The Boy And The Wolves Or The Broken Promise

: The Yellow Fairy Book

A North American Indian story.

Once upon a time an Indian hunter built himself a house in the

middle of a great forest, far away from all his tribe; for his

heart was gentle and kind, and he was weary of the treachery and

cruel deeds of those who had been his friends. So he left them,

and took his wife and three children, and they journeyed on until

they found a spot near to a clear stream, where they be
an to cut

down trees, and to make ready their wigwam. For many years they

lived peacefully and happily in this sheltered place, never

leaving it except to hunt the wild animals, which served them

both for food and clothes. At last, however, the strong man felt

sick, and before long he knew he must die.

So he gathered his family round him, and said his last words to

them. 'You, my wife, the companion of my days, will follow me

ere many moons have waned to the island of the blest. But for

you, O my children, whose lives are but newly begun, the

wickedness, unkindness, and ingratitude from which I fled are

before you. Yet I shall go hence in peace, my children, if you

will promise always to love each other, and never to forsake your

youngest brother.

'Never!' they replied, holding out their hands. And the hunter

died content.

Scarcely eight moons had passed when, just as he had said, the

wife went forth, and followed her husband; but before leaving her

children she bade the two elder ones think of their promise never

to forsake the younger, for he was a child, and weak. And while

the snow lay thick upon the ground, they tended him and cherished

him; but when the earth showed green again, the heart of the

young man stirred within him, and he longed to see the wigwams of

the village where his father's youth was spent.

Therefore he opened all his heart to his sister, who answered:

'My brother, I understand your longing for our fellow-men, whom

here we cannot see. But remember our father's words. Shall we

not seek our own pleasures, and forget the little one?'

But he would not listen, and, making no reply, he took his bow

and arrows and left the hut. The snows fell and melted, yet he

never returned; and at last the heart of the girl grew cold and

hard, and her little boy became a burden in her eyes, till one

day she spoke thus to him: 'See, there is food for many days to

come. Stay here within the shelter of the hut. I go to seek our

brother, and when I have found him I shall return hither.'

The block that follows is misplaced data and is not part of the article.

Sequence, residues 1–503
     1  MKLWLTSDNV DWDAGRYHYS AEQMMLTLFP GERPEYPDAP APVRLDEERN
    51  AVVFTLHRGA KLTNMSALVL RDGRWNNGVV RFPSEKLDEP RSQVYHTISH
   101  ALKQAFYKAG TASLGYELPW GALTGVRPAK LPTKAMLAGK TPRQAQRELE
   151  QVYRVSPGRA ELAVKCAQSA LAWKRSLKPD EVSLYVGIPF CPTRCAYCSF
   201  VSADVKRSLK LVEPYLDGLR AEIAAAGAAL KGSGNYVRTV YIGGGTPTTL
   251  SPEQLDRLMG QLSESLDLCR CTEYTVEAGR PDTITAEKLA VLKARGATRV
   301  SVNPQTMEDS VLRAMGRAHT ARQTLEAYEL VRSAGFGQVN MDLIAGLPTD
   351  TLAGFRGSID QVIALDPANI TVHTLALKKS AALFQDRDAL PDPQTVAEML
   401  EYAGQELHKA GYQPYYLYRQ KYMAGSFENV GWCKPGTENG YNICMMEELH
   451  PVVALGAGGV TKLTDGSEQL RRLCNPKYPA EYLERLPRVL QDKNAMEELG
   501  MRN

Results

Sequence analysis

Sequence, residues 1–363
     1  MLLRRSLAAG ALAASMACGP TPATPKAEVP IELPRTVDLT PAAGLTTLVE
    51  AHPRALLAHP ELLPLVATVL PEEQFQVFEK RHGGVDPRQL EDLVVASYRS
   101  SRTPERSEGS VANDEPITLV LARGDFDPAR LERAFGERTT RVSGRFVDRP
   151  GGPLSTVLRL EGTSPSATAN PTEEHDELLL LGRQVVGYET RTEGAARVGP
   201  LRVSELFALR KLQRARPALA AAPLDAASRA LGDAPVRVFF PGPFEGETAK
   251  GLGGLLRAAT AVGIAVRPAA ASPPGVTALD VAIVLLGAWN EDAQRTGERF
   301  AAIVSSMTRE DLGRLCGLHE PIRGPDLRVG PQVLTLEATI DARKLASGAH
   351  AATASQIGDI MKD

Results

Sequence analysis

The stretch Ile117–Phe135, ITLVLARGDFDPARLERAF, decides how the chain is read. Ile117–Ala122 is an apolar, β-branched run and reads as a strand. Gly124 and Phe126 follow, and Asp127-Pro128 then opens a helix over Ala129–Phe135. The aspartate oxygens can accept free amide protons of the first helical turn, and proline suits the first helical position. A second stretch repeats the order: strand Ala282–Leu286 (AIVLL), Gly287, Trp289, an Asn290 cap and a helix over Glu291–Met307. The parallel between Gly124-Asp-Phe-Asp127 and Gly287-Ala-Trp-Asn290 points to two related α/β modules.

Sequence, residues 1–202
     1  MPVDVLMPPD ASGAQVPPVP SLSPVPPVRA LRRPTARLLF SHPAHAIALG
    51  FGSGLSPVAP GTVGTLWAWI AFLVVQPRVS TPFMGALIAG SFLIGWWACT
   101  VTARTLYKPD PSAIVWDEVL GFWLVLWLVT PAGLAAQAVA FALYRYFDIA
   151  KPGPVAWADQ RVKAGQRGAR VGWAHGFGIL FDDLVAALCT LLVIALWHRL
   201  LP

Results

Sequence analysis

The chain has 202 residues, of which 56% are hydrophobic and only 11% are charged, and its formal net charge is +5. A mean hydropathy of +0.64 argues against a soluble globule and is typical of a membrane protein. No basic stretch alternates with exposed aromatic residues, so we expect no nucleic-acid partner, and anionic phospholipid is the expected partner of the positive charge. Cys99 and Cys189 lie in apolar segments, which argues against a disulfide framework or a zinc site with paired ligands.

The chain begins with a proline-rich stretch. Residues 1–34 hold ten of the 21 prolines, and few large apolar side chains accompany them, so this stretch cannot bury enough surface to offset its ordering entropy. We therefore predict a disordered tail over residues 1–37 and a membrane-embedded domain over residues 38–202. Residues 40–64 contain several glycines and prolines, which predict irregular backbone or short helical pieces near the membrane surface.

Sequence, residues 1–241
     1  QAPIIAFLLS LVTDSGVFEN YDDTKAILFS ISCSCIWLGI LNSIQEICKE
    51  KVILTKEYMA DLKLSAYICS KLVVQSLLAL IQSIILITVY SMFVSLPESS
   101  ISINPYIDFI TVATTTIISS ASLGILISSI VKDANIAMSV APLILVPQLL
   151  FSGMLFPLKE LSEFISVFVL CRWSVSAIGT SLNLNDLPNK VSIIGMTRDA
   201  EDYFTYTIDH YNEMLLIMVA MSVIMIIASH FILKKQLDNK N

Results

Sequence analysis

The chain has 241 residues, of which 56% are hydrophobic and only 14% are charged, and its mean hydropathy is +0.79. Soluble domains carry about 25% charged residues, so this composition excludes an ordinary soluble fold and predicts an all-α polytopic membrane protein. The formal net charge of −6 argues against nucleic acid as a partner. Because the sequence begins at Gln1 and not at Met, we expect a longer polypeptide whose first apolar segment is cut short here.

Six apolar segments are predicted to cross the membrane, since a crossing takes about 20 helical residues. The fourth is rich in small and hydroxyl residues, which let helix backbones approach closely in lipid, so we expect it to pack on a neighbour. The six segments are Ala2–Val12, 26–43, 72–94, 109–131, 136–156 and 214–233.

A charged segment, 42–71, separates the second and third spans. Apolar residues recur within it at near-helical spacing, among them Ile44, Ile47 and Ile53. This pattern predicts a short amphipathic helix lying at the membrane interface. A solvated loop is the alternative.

But when, after hard journeying, she reached the village where

her brother dwelt, and saw that he had a wife and was happy, and

when she, too, was sought by a young brave, then she also forgot

the boy alone in the forest, and thought only of her husband.

Now as soon as the little boy had eaten all the food which his

sister had left him, he went out into the woods, and gathered

berries and dug up roots, and while the sun shone he was

contented and had his fill. But when the snows began and the

wind howled, then his stomach felt empty and his limbs cold, and

he hid in trees all the night, and only crept out to eat what the

wolves had left behind. And by-and-by, having no other friends,

he sought their company, and sat by while they devoured their

prey, and they grew to know him, and gave him food. And without

them he would have died in the snow.

But at last the snows melted, and the ice upon the great lake,

and as the wolves went down to the shore, the boy went after

them. And it happened one day that his big brother was fishing

in his canoe near the shore, and he heard the voice of a child

singing in the Indian tone--

'My brother, my brother!

I am becoming a wolf,

I am becoming a wolf!'

And when he had so sung he howled as wolves howl. Then the heart

of the elder sunk, and he hastened towards him, crying, 'Brother,

little brother, come to me;' but he, being half a wolf, only

continued his song. And the louder the elder called him,

'Brother, little brother, come to me,' the swifter he fled after

his brothers the wolves, and the heavier grew his skin, till,

with a long howl, he vanished into the depths of the forest.

So, with shame and anguish in his soul, the elder brother went

back to his village, and, with his sister, mourned the little boy

and the broken promise till the end of his life.